Newcastle United came to the unsurprising conclusion that it was not in their best interests to let their captain and key defender walk away for nothing. And so, for the next few months at least, Fabricio Coloccini remains on Tyneside.
San Lorenzo, the Buenos Aires club he is desperate to rejoin, last week published an open letter allegedly written and signed by the Newcastle centre back. Its content is practically a declaration of love to the club's new leadership, who took over after presidential elections towards the end of last year.
"Unfortunately," Coloccini also apparently writes, "not everything in life turns out the way one hopes or needs. Many times the lack of understanding of third parties and the rigidity of contracts are stronger than the reasons of the heart." Which boils down to the fact that there was no question of San Lorenzo paying a transfer fee.
This is part of the explanation for the relative lack of interest in South America in the closing of the January transfer window. Fans in the continent will not be spending the next few days hanging on news of last-minute wheeling and dealing that might bring much needed fresh faces to their club.
Much of this has to do with the calendar. This, after all, is the European mid-season window. But South American domestic campaigns came to a close in early to mid-December. New seasons are just getting underway now. The main business took place around the festive season.
And, as the Coloccini experience shows, there is little hope of buying big names back from Europe. The movement in recent times has gone the other way. Local coaches often dread the last days of the window - it is a time when a European club could swoop, snatching away an important player and leaving his club with no time to look for a replacement.
All of which makes developments in Brazil especially interesting. This transfer window has been something of a landmark for the country's big clubs. A few players have left but more big names have come back.
World Club Champions Corinthians have repatriated striker Alexandre Pato and playmaker Renato Augusto, two highly rated young internationals, as well as centre back Gil. Sao Paulo have signed World Cup captain Lucio. Another veteran international centre back, Cris, has swapped Europe for Gremio, who have also captured Chilean striker Eduardo Vargas on a loan deal from Napoli.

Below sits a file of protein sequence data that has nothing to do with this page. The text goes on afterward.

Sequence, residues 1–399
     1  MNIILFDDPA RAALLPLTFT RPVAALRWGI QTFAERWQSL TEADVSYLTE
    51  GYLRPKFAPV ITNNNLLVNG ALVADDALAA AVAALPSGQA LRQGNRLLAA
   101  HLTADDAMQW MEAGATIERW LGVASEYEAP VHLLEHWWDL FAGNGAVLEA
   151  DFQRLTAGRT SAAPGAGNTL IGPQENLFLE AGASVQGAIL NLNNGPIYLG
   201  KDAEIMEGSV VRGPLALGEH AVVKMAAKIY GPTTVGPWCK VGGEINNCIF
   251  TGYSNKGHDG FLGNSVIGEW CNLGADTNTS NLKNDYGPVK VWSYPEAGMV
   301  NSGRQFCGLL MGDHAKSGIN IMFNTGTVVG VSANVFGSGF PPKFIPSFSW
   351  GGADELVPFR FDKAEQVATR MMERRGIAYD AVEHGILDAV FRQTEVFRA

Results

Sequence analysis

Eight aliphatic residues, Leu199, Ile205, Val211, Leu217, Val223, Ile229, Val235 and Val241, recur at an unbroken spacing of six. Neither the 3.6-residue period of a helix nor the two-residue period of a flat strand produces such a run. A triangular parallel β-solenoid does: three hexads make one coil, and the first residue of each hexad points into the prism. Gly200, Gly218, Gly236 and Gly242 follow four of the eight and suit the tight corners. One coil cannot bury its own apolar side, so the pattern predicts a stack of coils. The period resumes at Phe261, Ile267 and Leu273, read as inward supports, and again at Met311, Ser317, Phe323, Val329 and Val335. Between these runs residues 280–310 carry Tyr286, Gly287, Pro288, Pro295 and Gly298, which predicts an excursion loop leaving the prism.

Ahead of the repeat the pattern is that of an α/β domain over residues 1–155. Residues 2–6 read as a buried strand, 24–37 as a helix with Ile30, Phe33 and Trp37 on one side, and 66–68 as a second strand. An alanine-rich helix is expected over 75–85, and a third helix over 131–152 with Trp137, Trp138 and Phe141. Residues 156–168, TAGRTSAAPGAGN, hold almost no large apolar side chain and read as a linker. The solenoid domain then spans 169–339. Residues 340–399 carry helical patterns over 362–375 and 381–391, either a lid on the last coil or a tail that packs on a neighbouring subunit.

Another Brazil cap, winger or attacking midfielder Carlos Eduardo, is back from Russia to join Flamengo, who have also signed international midfielder Elias. The big Brazilian clubs can now pay transfer fees.
Underpinning the change is the new global economic architecture. Dan Jones of Deloitte's Sports Business Group points out that "with large numbers of supporters and located in a growing economy, Brazil's big clubs are very attractive to commercial partners and are increasingly able to match many of their European counterparts in revenue generation".
His colleague Richard Battle expects "the revenue of Brazilian clubs to grow, and it is possible that one will feature in the Money League top 20 in the coming years". He was commenting on the publication last week of this year's version of the annual survey which lists the clubs which make most money from their football operations. Corinthians have made the top 40, with Sao Paulo and Flamengo not far behind.
"As Brazilian clubs close the revenue gap to many of their European rivals," concludes Battle, "they will increasingly be able to retain the best young talents and bring back established stars."
It is a distinct possibility. But Brazil, as bossa nova maestro Tom Jobim pointed out with such clarity, is not for beginners. Everything is always more complex than it seems.
Unprecedented revenue is indeed pouring into Brazil's big clubs. But many of them are also drowning in debt. Flamengo recently had to let striker Vagner Love go back to Russia - they were behind with transfer payments to CSKA Moscow. Deloitte has voiced its concern at the lack of cost control mechanisms in Brazilian football.